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Rethinking Fashion’s Transparency Gameplan
This article was originally featured on Luxury Daily on November 27th, 2018
Fashion transparency is a hot topic these days. Conversations about blockchain, AI, 3D printing, and the internet of things mark agendas of numerous conferences, white papers, and panels.
With a good reason. In the past, lack of transparency in a company’s supply chain was seen as a competitive advantage. A fashion brand wanted to keep their suppliers and manufacturers as mysterious as possible. The reasoning was, if no one knew where supplies were coming from, no one can replicate the products. Customers got used to this opacity, and it become a habit not to think where apparel came from.
Fashion brands also tend to artificially inflate their growth numbers through overproduction or, “conspicuous production,” as Guram Gvasalia, CEO of Vetements, observed. Overproduction is largely to blame for fashion’s dire environmental record.
In combination, the business practices of overproduction and opaqueness of the sourcing and the supply chain led to all but one of the top 150 biggest global fashion retailers disclosing information about their social and environmental policies, practices, and impact.
To reverse these business practices, we need to reverse our business focus first. Traditional economics suggests that advantage is in owning supply, because then one can set the price. But, in the modern markets, value has shifted from companies that control distribution of scarce resources to the companies that control demand of the abundant ones. Many of the largest companies (Amazon, Uber, Airbnb, Instagram) don’t own their products (inventory, cars, homes, content). They aggregate the demand that users have for products (commodities, rides, rooms, socializing).
The new transparency playbook is focused on coming up with the new ways of creating, capturing, and distributing value. It capitalizes on the shift from supply to demand, and helps companies think strategically about transparency in a way that grows their brand and their business.
The new transparency playbook assesses whether a company is using new technologies with consumer in mind or does it make it about themselves. It also assesses whether it creates incremental value for its business or does it transform it. Depending on the answer, there are four tactics and methodologies that a company can adopt: addition, systems, design, and disruption.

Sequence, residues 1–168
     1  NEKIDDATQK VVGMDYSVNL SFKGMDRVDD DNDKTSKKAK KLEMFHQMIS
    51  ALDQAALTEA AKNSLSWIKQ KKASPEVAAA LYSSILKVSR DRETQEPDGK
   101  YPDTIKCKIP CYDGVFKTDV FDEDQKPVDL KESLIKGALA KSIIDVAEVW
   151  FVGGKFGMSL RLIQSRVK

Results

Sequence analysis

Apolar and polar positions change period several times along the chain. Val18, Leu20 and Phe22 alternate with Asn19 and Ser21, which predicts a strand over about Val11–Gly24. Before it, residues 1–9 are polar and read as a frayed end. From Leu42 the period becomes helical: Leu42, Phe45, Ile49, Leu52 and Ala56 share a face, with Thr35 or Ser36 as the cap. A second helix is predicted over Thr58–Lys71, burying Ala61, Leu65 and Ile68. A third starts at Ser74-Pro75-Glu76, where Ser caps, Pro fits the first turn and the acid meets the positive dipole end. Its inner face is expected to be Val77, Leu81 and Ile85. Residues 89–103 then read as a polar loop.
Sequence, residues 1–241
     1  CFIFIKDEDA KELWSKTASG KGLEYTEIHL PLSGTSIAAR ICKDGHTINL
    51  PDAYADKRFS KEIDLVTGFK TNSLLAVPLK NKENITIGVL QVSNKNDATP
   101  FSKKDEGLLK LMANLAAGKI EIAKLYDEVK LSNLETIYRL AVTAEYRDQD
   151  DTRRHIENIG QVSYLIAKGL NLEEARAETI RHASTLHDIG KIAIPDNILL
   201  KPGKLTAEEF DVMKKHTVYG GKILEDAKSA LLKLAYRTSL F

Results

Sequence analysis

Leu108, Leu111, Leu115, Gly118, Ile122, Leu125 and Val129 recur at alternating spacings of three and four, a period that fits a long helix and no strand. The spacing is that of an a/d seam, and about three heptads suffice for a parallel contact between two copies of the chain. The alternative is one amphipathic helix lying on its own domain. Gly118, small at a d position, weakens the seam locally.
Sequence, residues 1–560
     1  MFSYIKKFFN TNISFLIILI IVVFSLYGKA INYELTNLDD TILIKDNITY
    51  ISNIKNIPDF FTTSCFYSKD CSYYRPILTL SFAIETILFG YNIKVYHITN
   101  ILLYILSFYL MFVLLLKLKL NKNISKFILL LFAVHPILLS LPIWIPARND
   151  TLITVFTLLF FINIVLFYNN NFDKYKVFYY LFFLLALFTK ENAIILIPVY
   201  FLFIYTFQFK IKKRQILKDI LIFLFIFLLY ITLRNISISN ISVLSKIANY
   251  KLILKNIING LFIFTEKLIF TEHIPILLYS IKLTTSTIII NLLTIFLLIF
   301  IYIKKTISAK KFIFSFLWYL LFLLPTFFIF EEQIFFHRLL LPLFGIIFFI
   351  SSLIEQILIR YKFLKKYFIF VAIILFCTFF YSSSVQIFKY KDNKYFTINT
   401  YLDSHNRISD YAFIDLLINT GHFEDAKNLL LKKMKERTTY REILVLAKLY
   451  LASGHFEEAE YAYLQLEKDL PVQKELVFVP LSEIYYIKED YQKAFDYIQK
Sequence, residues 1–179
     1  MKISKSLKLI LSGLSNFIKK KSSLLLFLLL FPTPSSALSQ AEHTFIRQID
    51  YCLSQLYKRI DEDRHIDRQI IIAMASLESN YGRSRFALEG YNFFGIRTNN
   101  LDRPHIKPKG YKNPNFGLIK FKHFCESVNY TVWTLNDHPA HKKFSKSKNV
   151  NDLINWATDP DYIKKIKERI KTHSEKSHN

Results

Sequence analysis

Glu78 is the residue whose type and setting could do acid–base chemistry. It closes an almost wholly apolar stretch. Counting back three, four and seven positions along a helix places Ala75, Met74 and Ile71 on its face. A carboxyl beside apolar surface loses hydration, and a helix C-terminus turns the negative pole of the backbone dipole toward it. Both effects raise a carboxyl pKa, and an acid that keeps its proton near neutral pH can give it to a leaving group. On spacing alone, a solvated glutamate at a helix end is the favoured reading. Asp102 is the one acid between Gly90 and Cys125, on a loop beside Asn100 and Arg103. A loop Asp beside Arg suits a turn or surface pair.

Addition revolves around incremental value and market focus. Yoox 8 capitalized on transparency in the consumer market, where technology is used for better targeting, leading to less waste. Yoox used technology as a value-add to its existing value chain. With its own proprietary AI tools, it combed fashion content across social media and fashion sites in key markets. It also looked at “predictive indicators” of trends that are only beginning to emerge, and analyzed data from products sold on the site, customer feedback, industry buying trends and top trend searches. Thanks to AI, Yoox created an additional sales and marketing channel, effectively adding a new revenue stream to its core business.
Systems create transformative value and have market focus. London-based designer Marine Jalgaard transformed her existing product offering by adding the materials sourcing information to it through blockchain. With the help of the blockchain company Provenance, she produced the first garments with “smart labels” that consumers can scan to see sequence of the production process ranging from raw materials to finished product. Marine created transparency in her supply chain and facilities, effectively transforming how her business operates.
Design is customer-centric and creates incremental value-add. In its design iteration, fashion transparency is created by exposing what’s already in consumers’ closets and optimizing it.Finery is a wardrobe management application that asks users for their email address and permission to access email receipts of fashion purchases. It then determines what apparel is already in the user’s wardrobe, and using this data, its algorithm suggests looks based on the users’ existing pieces and making styling recommendations.
Disruption creates transformative value, and has customer focus. A company is disruptive when it creates a completely new value in the established industry, and creates a value chain that is radically different than then the one the industry has been built around. Shift from the supply chain to the demand chain in fashion means decentralized manufacturing, where production happens quickly in local, distributed hubs. Ministry of Supply’s nascent efforts to use 3D printing in its Boston flagship signal the future of transparent fashion production, distribution, and consumption.
Fashion industry talks a lot about innovation. It throws money at technologies that promise disruption, but that really, in the end, merely use technology as added value to its existing businesses. There is nothing wrong with incremental innovation — that is, unless the consumer expects transformation.